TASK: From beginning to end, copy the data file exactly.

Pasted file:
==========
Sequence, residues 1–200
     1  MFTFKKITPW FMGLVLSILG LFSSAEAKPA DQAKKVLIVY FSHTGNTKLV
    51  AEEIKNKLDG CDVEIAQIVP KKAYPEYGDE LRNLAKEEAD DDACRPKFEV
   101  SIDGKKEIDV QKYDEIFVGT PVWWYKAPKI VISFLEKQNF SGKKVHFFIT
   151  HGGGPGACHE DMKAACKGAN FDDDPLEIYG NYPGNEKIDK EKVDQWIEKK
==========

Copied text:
Sequence, residues 1–200
     1  MFTFKKITPW FMGLVLSILG LFSSAEAKPA DQAKKVLIVY FSHTGNTKLV
    51  AEEIKNKLDG CDVEIAQIVP KKAYPEYGDE LRNLAKEEAD DDACRPKFEV
   101  SIDGKKEIDV QKYDEIFVGT PVWWYKAPKI VISFLEKQNF SGKKVHFFIT
   151  HGGGPGACHE DMKAACKGAN FDDDPLEIYG NYPGNEKIDK EKVDQWIEKK